One way to potentially get young kids into space technology is get them into computer programming and Artificial Intelligence (AI). Samaira Mehta, 10 years old and the creator of a board game “CoderBunnyz,” aims to teach kids to learn about code in a fun way. She said she believes it easier to get kids to code once they have learned concepts in a board game. Mehta has also invented an AI board game, CoderMindz. At MWC, she conveyed a very powerful message to about the role of young people in tech. “You are part of my future, and I will be a part of your future. We have adapted to technology — we now need technology to adapt to us.”

Rakutan Takes New Approach

A number of internet and telecoms influencers took to the stage later in the day to talk about the future of 5G. The consensus message seems to be that with the worlds of AI, Machine Learning (ML), and cloud computing aligning, the momentum behind 5G is almost irresistible. One of the most interesting speakers this morning was Mickey Mikitani, Chief Executive Officer (CEO) of Japanese technology company Rakutan (which also sponsors Barcelona’s historic soccer club). Rakutan is taking a very interesting approach to 5G, which will see it get into the mobile connectivity business.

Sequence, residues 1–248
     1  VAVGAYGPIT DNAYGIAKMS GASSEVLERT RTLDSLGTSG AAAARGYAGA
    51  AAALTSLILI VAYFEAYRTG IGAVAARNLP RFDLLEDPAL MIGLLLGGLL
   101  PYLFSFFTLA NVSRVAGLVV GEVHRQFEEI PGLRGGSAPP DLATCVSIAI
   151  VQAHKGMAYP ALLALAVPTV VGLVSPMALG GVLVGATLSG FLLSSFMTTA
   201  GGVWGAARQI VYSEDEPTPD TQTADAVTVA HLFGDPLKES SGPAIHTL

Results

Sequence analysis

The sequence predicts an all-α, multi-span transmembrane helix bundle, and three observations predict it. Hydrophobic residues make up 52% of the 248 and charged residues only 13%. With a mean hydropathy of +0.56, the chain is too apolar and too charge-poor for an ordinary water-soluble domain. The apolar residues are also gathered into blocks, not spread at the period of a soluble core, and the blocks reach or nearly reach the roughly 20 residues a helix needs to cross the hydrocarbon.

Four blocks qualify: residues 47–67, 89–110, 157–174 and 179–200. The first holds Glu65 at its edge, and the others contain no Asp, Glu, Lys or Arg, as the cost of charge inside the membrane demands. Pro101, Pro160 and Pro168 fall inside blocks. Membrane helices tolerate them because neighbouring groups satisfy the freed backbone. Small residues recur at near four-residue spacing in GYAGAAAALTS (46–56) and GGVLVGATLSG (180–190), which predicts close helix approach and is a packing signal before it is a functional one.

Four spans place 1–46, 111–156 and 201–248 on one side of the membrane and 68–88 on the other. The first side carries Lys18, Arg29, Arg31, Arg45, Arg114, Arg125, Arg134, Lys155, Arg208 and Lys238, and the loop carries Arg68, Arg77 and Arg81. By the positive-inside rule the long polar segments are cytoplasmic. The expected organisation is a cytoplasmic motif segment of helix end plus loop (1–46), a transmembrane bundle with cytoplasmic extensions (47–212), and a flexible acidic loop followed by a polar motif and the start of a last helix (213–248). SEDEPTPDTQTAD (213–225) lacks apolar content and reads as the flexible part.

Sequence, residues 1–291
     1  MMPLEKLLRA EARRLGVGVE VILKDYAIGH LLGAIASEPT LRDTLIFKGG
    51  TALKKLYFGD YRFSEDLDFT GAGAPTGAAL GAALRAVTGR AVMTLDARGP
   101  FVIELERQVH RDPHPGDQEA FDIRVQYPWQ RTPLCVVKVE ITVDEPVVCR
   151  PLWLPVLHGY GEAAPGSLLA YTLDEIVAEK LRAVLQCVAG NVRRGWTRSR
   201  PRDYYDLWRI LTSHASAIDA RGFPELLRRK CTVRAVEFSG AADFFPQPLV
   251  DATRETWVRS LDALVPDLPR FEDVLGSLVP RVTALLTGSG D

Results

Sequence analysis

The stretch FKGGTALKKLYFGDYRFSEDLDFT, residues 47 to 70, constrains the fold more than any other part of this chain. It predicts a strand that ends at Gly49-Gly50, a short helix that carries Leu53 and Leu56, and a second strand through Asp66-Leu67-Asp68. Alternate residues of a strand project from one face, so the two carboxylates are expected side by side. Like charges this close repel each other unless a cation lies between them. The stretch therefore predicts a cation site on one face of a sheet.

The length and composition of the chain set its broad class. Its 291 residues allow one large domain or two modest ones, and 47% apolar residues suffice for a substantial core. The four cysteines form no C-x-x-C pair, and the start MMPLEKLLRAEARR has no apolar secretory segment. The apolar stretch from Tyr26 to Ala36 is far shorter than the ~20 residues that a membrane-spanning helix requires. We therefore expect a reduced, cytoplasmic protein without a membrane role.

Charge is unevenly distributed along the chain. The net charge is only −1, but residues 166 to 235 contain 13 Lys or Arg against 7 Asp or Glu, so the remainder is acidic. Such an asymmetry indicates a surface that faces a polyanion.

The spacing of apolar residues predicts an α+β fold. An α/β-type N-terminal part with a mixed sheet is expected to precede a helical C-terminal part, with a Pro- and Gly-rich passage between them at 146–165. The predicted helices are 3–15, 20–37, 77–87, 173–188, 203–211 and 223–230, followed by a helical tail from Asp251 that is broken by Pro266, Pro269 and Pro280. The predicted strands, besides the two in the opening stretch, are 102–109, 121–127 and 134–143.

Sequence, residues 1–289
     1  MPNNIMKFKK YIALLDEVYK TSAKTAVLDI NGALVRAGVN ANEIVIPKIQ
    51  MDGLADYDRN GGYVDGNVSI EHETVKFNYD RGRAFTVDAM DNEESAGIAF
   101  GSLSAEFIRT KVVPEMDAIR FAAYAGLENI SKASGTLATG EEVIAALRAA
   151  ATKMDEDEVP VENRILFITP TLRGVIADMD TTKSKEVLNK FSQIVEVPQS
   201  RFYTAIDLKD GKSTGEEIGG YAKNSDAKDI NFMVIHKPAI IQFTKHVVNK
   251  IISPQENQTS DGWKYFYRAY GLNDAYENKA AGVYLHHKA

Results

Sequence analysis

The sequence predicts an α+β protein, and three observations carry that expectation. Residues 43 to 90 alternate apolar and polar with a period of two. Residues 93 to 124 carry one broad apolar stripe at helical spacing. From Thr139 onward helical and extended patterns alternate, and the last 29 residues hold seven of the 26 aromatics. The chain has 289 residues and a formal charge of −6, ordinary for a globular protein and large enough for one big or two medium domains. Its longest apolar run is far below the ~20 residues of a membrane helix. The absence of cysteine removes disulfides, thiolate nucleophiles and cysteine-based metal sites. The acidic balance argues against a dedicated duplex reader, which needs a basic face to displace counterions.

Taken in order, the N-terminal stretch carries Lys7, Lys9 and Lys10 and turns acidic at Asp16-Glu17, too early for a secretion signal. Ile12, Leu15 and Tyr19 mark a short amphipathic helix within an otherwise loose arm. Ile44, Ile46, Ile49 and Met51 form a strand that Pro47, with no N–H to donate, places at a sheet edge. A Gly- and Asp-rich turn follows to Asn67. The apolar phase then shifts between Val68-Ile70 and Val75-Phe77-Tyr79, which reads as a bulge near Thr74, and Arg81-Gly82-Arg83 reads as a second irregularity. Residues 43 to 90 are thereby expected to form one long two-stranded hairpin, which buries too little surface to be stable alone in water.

Mikitani outlined his vision of the future. “We will have a totally new approach to building a telecoms network. It will take place in the cloud. We are building the first end-to-end fully virtualized, cloud based 5G network. New services can be deployed in a very nimble manner. We don’t have specialized hardware. Everything is software and virtualized and put in the cloud,” he said.

Mikitani explained that Rakutan’s network will be 5G-ready from day one, and will be easy to manage. The network’s costs will be much lower than traditional telecoms companies. If hardware malfunctions, the network can adapt and assign work to other hardware  automatically. “The mobile network has always been a mystery to me,” said Mikitani. “I don’t know how they created their core system. It looks like spaghetti to me. Our philosophy is completely different. We are providing a total new concept for a mobile network.”